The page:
Coop Developers

Guide to Worker Cooperative Bylaws and Operating Agreements

Author(s): 
Camille Kerr
Year: 
2015

After working with professionals to determine which entity type is right for your worker cooperative, the next step is to work with professionals to develop your governing documents. Bylaws and operating agreements should include high-level information about the governance of the organization. They clarify and codify the democratic governance and ownership of your cooperative, help provide a structure through which the cooperative can grow, and provide a last resort for conflict resolution if relationships break down.

The Rural Succession Dilemma and the Cooperative Solution

Author(s): 
Tim Palmer
Year: 
2014

This research paper summarizes an examination of the National Establishment Time Series (NETS) dataset for North Carolina and Iowa to gauge the potential for conversions of existing businesses to worker cooperatives. The data demonstrate that the potential is quite large, and that even if only a fraction of these successfully converted to worker ownership and continued to operate at their last year levels, there would be meaningful economic impacts. 

Designing Effective Systems of Evaluation and Accountability in Worker Cooperatives

Author(s): 
Alision Booth Gribas, Stacey Cordeiro
Year: 
2014

 This handbook walks worker owners and cooperative developers through the process of laying the groundwork for, creating, and implementing systems of accountability and evaluation in small to medium sized worker cooperatives.

Editable versions of the toolkit's appendices can be found here.

Becoming Employee-Owned

Author(s): 
Camille Kerr, Joe Rinehart
Year: 
2014

Becoming Employee-Owned is a guide for business owners interested in employee ownership. It provides an overview of the three primary transition approaches for employee ownership: worker cooperatives, ESOPs, and management buy-outs. Regardless of what stage the business is in--from expansion to succession planning-- this resource can help business owners understand their options for becoming an employee-owned company.

Creating Better Jobs and a Fairer Economy with Worker Cooperatives

Author(s): 
Democracy at Work Institute
Year: 
2014

Worker cooperatives are a powerful tool for economic and community development. This resource describes their role in creating a more just economy. It provides an overview of the benefits of the cooperative form, with examples of existing cooperatives and quotes from worker-owners. The resource also describes current initiatives to develop cooperatives by nonprofits, as well as government initiatives to spur the growth of the sector.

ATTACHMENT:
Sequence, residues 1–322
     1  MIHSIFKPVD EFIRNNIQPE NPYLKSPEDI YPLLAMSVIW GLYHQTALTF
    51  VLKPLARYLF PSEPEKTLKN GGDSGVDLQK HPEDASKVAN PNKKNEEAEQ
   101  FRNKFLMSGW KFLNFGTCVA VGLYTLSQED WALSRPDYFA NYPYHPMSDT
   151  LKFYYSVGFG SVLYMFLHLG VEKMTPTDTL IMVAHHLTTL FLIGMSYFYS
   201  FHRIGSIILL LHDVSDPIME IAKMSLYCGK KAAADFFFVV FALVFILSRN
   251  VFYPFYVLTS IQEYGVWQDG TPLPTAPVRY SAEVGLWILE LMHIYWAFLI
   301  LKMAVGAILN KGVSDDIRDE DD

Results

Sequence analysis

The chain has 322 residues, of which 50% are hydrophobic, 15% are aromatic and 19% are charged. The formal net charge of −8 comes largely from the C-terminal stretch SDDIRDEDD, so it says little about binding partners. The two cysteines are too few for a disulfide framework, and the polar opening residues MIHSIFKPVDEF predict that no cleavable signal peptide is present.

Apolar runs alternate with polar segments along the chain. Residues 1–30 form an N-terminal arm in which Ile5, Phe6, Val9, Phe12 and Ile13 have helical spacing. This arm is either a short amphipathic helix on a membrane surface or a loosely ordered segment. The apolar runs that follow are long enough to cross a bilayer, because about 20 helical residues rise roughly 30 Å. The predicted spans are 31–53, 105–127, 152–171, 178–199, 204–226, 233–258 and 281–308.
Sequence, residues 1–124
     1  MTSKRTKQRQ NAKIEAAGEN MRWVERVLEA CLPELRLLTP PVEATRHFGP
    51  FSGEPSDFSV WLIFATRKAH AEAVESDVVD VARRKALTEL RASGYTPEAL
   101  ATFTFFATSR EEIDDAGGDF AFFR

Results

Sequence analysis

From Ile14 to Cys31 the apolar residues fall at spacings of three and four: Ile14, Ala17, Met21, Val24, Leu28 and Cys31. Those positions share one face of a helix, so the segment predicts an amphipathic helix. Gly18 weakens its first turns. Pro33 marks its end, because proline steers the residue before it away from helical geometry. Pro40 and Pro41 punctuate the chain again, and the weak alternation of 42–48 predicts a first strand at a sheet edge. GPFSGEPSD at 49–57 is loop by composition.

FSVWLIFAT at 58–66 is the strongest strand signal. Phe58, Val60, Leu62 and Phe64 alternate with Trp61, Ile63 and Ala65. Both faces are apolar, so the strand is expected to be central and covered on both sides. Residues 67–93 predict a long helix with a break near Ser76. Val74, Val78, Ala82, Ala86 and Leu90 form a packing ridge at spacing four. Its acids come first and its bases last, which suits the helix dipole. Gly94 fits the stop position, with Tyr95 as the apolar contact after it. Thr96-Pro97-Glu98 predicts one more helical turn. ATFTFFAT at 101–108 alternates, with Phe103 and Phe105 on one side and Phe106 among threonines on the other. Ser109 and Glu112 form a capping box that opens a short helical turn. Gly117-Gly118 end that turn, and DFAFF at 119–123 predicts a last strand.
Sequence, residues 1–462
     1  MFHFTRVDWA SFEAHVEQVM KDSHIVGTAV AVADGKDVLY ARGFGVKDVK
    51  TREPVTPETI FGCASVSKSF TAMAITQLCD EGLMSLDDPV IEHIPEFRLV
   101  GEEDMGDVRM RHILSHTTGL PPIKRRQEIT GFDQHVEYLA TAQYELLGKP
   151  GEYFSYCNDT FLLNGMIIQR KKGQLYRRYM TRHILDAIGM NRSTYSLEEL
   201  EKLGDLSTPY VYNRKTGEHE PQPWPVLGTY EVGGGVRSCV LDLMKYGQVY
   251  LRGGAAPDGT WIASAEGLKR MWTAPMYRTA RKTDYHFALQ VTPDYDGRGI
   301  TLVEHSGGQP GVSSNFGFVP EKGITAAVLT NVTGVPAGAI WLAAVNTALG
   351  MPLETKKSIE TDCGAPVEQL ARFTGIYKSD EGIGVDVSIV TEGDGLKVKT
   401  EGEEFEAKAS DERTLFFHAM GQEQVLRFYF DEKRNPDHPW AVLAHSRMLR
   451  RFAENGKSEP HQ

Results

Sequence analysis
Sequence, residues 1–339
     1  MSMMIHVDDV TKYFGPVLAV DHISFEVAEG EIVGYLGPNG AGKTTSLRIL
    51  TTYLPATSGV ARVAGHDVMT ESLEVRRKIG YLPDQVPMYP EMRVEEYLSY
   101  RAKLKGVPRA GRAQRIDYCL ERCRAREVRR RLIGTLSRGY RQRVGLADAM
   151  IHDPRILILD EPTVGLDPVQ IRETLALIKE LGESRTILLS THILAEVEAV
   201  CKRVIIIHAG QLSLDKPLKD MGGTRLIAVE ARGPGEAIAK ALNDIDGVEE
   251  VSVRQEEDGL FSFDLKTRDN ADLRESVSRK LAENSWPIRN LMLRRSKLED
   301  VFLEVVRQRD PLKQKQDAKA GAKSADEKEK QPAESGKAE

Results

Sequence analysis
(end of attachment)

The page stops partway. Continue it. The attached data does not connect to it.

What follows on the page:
Choosing a Business Entity: A Guide for Worker Cooperatives

Author(s): 
Camille Kerr
Year: 
2014

When forming, worker cooperatives have an important choice to make regarding their legal entity. Each entity type has implications on important issues including taxation, employment law, and access to capital. This resource is intended to give a brief overview of the entity types and lay out the issues worker cooperatives may want to consider when choosing which is the best fit for the business at whatever stage it is currently in.

Capturing the Imagination of Future Social Entrepreneurs: A Robust University Based Anchor Institution-led Development Model

Author(s): 
Sherman Kreiner
Year: 
2013

This is an overview of the University of Winnipeg's anchor-led model for community economic development. It positions the Winnipeg model as a robust example of an anchor institution strategy, and includes a broad survey of US worker cooperative development and movement-building efforts of the last 30 years.

 

 

 

Creating Jobs through Cooperative Development

Author(s): 
Nancy Conover, Frieda Molina, Karin Morris
Year: 
1993
This study highlights economic development cooperatives in California in an attempt to analyze the factors most influential in creating and sustaining ventures that are both economically viable and member-governed. It documents the goals of the founders and the members of California cooperatives in the service sector, and determines the extent to whcih the goals have been realized.

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